CL: I can speak to my own experience from both sides of the fence I suppose. When I was playing in the early 2000’s, the information was not great. Ideas were not out there as freely as they are today, and we did not have computers in our pockets. I cannot imagine what a Minor League player can do with Dustin Linds drive on a long bus ride. Guys are now able to access information from outside the establishment. When I played, we did not have access to that only the information that was inside the establishment. Several organizations are still in the dark ages. There are other organizations whose player development has taken massive steps forward to get the information those outside the establishment are providing and figuring out. Players want the answers, so teams or the players themselves are doing what it takes to find them. Coaches can share information over the internet which is one reason why I think the internet is such a great place. If you are not getting information and are seeking it in 2018, and do the necessary research, you will find it. I think for players it is just better to have access to as much information as possible. If you do not feel like the information you are getting within the establishment is matching what you want to do or who you are as a hitter, then you can go outside of that and find it. Fifteen years ago I would have had no clue where to go to find guys, so for better or for worse that is what it is.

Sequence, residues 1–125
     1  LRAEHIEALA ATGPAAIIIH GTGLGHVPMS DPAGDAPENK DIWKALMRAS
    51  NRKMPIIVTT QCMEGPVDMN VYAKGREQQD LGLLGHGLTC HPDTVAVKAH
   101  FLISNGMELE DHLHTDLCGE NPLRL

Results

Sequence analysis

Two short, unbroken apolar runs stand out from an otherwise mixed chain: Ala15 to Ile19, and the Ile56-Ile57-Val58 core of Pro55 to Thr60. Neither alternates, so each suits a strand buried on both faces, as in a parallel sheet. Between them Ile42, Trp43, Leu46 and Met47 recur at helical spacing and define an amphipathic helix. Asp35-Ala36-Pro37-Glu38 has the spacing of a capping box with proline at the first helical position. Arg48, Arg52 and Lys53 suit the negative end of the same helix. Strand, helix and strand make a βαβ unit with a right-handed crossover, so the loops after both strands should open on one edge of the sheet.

MD: What do you think the future of Longworth Baseball is?